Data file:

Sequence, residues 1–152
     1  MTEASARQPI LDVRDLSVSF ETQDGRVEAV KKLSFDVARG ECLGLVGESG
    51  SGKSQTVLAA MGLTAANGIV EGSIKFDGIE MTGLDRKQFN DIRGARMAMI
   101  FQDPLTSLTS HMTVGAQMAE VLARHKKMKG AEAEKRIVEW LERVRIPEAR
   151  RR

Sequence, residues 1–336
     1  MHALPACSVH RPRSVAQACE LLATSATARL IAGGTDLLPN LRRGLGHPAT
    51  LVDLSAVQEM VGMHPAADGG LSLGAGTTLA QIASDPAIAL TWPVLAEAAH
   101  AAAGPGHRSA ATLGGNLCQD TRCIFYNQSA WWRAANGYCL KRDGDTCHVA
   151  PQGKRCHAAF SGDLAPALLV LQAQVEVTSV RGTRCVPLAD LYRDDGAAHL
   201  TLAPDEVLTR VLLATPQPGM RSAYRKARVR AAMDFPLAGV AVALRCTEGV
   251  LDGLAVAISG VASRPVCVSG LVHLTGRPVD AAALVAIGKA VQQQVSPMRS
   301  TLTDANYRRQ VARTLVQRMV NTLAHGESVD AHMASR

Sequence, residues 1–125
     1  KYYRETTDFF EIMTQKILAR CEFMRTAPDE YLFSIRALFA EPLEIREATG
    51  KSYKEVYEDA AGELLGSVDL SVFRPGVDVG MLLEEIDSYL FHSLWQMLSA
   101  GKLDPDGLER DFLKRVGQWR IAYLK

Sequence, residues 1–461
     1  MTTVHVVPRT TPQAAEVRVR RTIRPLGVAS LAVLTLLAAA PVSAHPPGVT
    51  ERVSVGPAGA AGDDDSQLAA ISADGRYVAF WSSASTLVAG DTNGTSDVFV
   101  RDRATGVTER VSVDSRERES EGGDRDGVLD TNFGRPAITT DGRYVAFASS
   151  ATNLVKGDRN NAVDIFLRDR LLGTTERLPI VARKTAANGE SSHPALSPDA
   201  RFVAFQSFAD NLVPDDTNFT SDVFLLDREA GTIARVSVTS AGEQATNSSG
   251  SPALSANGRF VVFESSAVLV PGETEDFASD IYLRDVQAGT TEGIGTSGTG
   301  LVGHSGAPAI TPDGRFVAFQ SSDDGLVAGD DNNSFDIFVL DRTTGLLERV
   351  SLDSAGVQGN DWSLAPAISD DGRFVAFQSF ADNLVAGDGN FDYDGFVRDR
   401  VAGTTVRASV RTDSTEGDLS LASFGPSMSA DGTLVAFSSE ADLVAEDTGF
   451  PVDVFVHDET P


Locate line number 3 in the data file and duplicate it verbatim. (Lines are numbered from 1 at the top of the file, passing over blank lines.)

    51  SGKSQTVLAA MGLTAANGIV EGSIKFDGIE MTGLDRKQFN DIRGARMAMI